Judge rejects dismissal request in Falls shooting case

·3 min read

May 17—A Niagara County Court judge has rejected a request to throw out the charges against a Falls man in connection with an April 2014 daylight shootout on Highland Avenue.

Judge Matthew J.Murphy III instead set a September trial date for Joachim Sylvester on attempted murder, assault and weapons possession counts.

Sylvester, 45, of the Falls, is free on $5,000 bail, after the Appellate Division Fourth Department of New York State Supreme Court ruled that Murphy had erred in allowing some evidence into his 2015 attempted murder trial. A five-judge panel of the Fourth Department court unanimously reversed Sylvester's conviction by a Niagara County Court jury and ordered that he be given a new trial.

Defense attorney Frank LoTempio had asked Murphy to instead dismiss the case against his client, citing the reasoning of the appeals court in overturning his client's original conviction.

A jury of eight women and four men had deliberated for just about three hours before finding Sylvester, a known Falls drug dealer and gang member, guilty of attempted murder and weapons charges in a brazen mid-day shooting incident in the center of Highland Avenue on April 17, 2014.

The key evidence in the case was video, captured by security cameras on the front of a convenience store, that showed a man, identified by police and prosecutors as Sylvester, firing shots from a handgun at another man. The video showed the victim arriving in front of the store and engaging in conversations with several people.

The victim could also be seen speaking to someone inside a black SUV parked in front of the store.

As the victim stood in the street, the video showed a silver SUV driving up, with the driver of that vehicle pointing a handgun out of the window. The victim, who was in a direct line of fire from the handgun, can then be seen running away.

A fraction of a second later, bystanders can be seen scattering in every direction as the driver of the silver SUV exits his vehicle. The gunman then chases the victim, firing shots at him repeatedly.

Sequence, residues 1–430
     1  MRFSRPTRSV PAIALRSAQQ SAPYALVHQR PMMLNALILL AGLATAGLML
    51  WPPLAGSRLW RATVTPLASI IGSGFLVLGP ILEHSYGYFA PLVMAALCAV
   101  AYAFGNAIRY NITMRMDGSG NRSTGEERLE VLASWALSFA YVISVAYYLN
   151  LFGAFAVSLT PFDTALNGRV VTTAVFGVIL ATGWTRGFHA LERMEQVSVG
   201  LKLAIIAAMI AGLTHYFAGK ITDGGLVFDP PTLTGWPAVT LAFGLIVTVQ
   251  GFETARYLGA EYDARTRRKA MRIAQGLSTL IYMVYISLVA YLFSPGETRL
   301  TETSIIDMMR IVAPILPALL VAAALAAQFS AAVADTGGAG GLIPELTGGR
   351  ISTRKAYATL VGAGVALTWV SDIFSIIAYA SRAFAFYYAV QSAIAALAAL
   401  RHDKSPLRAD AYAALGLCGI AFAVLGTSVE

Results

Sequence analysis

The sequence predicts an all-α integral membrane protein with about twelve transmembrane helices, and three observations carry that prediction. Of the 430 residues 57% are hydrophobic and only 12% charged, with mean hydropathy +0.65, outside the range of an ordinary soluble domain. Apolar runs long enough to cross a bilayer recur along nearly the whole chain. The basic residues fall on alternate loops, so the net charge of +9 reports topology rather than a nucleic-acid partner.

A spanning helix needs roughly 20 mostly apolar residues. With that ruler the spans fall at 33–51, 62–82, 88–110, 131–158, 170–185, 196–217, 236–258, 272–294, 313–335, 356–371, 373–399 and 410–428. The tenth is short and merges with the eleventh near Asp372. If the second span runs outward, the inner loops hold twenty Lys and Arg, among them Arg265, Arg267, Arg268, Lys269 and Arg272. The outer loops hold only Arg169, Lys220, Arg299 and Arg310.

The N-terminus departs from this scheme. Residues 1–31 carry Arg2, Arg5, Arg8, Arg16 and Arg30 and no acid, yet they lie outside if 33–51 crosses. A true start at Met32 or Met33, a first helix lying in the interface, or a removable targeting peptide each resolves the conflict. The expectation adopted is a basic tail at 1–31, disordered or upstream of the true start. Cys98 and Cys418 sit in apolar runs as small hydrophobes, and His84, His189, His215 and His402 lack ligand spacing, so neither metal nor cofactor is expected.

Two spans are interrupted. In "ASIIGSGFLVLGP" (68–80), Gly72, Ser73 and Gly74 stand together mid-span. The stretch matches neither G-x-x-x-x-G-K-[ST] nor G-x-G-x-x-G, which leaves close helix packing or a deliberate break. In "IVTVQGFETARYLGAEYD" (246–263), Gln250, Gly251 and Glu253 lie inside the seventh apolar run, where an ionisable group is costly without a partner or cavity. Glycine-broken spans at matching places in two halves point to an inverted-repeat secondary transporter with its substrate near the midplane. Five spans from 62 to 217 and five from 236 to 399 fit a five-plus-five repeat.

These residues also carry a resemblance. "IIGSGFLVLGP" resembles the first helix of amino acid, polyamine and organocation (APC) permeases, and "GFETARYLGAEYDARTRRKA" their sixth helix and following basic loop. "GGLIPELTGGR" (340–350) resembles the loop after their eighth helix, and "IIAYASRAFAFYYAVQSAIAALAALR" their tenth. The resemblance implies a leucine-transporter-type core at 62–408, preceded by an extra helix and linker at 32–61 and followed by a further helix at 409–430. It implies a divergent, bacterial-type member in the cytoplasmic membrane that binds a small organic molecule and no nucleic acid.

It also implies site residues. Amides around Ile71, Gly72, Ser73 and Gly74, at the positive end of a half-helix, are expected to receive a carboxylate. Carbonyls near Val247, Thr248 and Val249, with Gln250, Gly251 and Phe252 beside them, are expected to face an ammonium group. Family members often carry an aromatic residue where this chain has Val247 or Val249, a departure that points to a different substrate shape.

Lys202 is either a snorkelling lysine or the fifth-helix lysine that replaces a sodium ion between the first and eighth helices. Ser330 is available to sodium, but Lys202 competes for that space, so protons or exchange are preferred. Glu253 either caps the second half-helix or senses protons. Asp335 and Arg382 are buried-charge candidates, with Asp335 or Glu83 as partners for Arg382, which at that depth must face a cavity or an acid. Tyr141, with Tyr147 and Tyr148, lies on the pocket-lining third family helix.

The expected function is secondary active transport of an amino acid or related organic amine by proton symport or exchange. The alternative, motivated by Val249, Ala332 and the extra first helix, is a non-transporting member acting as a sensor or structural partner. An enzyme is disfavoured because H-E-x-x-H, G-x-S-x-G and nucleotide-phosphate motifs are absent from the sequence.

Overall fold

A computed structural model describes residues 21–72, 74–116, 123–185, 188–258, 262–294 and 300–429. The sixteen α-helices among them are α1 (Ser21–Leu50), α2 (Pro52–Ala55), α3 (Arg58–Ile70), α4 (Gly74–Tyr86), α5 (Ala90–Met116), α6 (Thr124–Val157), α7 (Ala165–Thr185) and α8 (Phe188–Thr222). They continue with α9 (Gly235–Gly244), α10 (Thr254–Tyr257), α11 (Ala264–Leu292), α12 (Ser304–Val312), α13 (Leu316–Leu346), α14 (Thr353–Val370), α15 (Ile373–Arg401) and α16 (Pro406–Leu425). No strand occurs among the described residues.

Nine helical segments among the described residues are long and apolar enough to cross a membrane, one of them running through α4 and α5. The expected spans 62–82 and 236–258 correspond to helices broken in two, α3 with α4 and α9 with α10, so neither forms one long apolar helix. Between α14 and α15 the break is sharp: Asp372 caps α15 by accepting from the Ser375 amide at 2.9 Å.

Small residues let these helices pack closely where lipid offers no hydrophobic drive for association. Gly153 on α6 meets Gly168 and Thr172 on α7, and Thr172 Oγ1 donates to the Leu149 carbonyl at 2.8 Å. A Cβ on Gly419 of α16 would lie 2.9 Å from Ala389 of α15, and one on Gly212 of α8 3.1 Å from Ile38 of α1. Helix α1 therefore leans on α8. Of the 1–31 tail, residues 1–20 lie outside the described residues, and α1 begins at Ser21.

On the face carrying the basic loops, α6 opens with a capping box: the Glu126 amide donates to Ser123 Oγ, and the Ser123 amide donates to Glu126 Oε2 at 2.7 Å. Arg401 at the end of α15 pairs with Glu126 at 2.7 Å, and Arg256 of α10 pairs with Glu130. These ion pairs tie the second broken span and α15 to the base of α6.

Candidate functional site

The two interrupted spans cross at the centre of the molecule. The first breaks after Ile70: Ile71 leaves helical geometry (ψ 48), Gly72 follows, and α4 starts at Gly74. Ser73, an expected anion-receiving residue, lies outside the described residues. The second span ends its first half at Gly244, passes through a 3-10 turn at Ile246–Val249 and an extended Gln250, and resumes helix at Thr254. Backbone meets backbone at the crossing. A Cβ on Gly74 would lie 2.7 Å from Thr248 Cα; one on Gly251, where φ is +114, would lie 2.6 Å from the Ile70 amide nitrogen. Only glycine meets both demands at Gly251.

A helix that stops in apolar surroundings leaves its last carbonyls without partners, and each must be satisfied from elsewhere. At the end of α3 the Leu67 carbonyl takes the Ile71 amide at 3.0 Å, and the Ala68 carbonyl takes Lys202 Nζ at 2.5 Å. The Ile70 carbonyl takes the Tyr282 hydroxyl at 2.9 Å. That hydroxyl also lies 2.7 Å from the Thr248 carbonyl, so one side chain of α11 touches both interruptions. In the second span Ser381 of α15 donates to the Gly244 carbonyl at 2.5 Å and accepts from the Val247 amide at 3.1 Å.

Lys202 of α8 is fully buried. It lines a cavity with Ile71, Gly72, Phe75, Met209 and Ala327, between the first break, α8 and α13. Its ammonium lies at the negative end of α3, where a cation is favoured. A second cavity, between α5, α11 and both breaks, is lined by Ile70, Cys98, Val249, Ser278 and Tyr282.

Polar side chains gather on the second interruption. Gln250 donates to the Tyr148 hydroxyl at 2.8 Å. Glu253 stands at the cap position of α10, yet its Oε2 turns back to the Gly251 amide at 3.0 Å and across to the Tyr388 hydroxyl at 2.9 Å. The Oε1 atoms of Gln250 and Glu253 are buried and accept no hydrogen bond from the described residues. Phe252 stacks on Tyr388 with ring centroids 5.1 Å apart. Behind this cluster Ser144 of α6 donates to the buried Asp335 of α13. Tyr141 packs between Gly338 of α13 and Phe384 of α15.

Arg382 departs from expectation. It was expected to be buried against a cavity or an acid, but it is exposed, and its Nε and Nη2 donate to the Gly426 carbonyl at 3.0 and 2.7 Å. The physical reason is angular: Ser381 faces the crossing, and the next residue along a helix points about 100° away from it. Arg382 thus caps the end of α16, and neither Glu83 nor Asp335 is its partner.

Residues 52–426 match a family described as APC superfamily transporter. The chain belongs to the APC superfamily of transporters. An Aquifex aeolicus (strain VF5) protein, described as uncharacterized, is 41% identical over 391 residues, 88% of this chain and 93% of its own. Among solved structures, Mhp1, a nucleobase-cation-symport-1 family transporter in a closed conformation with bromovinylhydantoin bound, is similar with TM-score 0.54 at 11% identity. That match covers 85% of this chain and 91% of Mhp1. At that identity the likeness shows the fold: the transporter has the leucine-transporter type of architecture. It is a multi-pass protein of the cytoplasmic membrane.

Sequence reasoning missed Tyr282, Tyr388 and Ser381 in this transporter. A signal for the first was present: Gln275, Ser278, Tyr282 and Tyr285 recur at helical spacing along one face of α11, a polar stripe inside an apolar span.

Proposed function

The victim is seen diving into another SUV that attempts to speed off, but instead slaloms down Highland Avenue, smashing head-on into another black SUV parked in front of the convenience store.

The gunman, identified as Sylvester, returns to the silver SUV and drives away from the scene.

The appeals court judges, in their decision, pointedly rejected the arguments of Sylvester's attorneys that the jury verdict "was against the weight of the evidence."

But the judges said Murphy had "erred by permitting the prosecutor in the case to present evidence of a prior, uncharged shooting that allegedly involved Sylvester under the theory that defense counsel had "opened the door" to such evidence." The judges ordered a new trial for Sylvester as " a matter of discretion in the interest of justice."

The shooting incident occurred one month after Murphy had dismissed narcotics charges lodged against Sylvester.

That case involved an encounter between Sylvester and Falls Police narcotics detectives in May 2013. The detectives stopped Sylvester and two Buffalo men with street gang connections and found them in possession of marijuana, pills and counterfeit cash.

Investigators seized more than seven pounds of pot, 27 Opana pills and $1,200 in counterfeit bills.

The charges were dismissed after Murphy ruled that police stopped the SUV Sylvester was driving because of "racial profiling." Murphy called the traffic stop of Sylvester, and the two other men, a case of "driving while Black."

Murphy sentenced Sylvester to 25 years behind bars for the attempted murder conviction and an additional 15 years on the weapons possession charge after his original trial. Those sentences were running concurrently.

Sylvester has already served six and a half years of that sentence. Prosecutors said they have made a plea offer to Sylvester in this case.